This review includes the text on the Minnesota Historical Society website and the text on the sign.

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Review – MHS Acton Sign

Minnesota Historical Society
The Acton Incident Sign
http://www.usdakotawar.org/history/acton-incident
Reviewed on May 29, 2017

Items of Interest

From the MHS Website: This sign replaced the old sign in 2012. Content on this sign was reviewed by an MHS historical marker committee, as well as by Dakota consultants and the MHS Indian Advisory Committee.

This review includes the text on the Minnesota Historical Society website and the text on the sign.

With 19 incorrect statements on this sign, this is one of the worst signs I have reviewed.

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Review – MHS FS at Bdote Book

Fort Snelling at Bdote: A Brief History
By Peter DeCarlo
St. Paul, MN: Minnesota Historical Society, 2016
Reviewed on February 19, 2017
Updated on January 21, 2018

Items of Interest

The title implies this book is about historic Fort Snelling. But, much of it is about Dakota Indian history not related to historic Fort Snelling.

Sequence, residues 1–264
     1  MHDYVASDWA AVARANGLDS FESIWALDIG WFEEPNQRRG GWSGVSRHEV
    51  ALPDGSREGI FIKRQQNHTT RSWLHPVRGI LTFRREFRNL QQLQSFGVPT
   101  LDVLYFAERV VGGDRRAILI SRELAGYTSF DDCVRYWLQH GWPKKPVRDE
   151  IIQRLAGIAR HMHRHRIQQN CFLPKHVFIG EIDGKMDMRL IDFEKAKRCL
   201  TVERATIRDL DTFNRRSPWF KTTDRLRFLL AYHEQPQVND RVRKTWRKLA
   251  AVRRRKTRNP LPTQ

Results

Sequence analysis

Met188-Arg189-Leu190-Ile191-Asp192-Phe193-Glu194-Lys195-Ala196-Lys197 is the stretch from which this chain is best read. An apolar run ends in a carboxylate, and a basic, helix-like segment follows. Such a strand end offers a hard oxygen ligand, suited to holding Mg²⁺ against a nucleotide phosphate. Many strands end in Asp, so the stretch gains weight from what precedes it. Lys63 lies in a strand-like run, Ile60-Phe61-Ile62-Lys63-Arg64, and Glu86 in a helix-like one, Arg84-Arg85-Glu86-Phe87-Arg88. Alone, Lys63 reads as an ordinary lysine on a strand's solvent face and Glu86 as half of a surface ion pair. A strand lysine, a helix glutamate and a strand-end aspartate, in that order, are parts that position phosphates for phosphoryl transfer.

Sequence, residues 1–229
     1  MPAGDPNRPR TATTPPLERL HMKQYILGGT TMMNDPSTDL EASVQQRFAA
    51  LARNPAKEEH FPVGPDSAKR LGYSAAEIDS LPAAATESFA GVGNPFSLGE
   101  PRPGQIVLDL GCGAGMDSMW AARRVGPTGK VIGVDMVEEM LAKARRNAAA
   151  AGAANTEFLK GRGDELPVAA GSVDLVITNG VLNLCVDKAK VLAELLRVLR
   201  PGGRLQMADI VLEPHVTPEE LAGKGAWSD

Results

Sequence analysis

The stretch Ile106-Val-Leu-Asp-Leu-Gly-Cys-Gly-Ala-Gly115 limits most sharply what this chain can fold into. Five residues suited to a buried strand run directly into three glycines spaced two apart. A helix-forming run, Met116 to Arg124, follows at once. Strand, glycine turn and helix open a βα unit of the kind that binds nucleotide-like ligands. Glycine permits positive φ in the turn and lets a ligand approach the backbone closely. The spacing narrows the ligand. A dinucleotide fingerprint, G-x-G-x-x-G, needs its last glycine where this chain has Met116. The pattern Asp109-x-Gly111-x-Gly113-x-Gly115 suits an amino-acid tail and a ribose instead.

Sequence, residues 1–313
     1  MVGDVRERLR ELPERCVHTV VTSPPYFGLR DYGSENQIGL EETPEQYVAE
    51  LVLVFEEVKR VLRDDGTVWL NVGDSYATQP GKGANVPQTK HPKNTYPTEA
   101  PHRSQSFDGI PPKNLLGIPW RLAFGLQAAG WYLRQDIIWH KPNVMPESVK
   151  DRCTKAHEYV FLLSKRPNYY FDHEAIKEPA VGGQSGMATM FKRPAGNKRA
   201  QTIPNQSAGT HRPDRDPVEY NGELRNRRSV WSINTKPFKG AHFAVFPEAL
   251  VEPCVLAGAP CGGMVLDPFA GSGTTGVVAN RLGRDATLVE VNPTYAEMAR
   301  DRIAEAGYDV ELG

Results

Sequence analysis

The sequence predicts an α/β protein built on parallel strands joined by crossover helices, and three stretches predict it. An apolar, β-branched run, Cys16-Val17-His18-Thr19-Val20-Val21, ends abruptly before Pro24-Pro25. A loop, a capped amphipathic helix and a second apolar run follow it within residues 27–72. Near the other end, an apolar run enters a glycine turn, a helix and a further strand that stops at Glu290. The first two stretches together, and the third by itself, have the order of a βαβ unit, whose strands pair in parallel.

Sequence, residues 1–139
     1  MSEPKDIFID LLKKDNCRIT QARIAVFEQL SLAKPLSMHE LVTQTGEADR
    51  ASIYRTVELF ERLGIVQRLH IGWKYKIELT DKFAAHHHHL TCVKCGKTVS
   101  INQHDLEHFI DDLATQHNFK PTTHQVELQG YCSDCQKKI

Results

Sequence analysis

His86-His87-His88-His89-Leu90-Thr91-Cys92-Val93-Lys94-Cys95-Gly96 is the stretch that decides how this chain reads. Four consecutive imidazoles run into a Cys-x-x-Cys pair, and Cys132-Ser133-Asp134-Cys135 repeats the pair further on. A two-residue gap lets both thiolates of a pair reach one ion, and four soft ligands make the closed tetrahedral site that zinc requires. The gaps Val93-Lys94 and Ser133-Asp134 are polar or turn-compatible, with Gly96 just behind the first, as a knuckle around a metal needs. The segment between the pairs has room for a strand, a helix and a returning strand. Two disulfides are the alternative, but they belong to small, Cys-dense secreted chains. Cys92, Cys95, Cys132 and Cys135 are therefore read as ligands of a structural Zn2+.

Written by a Minnesota Historical Society (MHS) employee and published by MHS, this book leaves no doubt of MHS’s policy on historic Dakota/White relations.

I am reviewing only that portion of this book related to the Dakota Indians.

General Comments

  • Save your money.
  • How do I use this book? It has no footnotes, no Table of Contents and no Index. Without footnotes, the text lacks credibility. It is a storybook. The knowledgeable reader will be insulted. The unknowledgeable reader will be misled.
  • As I read this book, these words came to mind: wrong, biased, disrespectful (to the Whites), exaggeration, allegation, generalization, incomplete, wordsmithing, revisionist history and agenda-driven.
  • Incorrect – The author states that ancestors of the Dakota Indians were the first residents of the state of Minnesota. This cannot be proven.
  • If Mdote (Bdote) was sacred to the Dakota, they would not have sold this land in 1805, they would not have confirmed the sale in 1820, they would not have granted Pike Island to Pelagie Faribault in 1820 and they would not have permitted the US to start building Fort Snelling in 1820.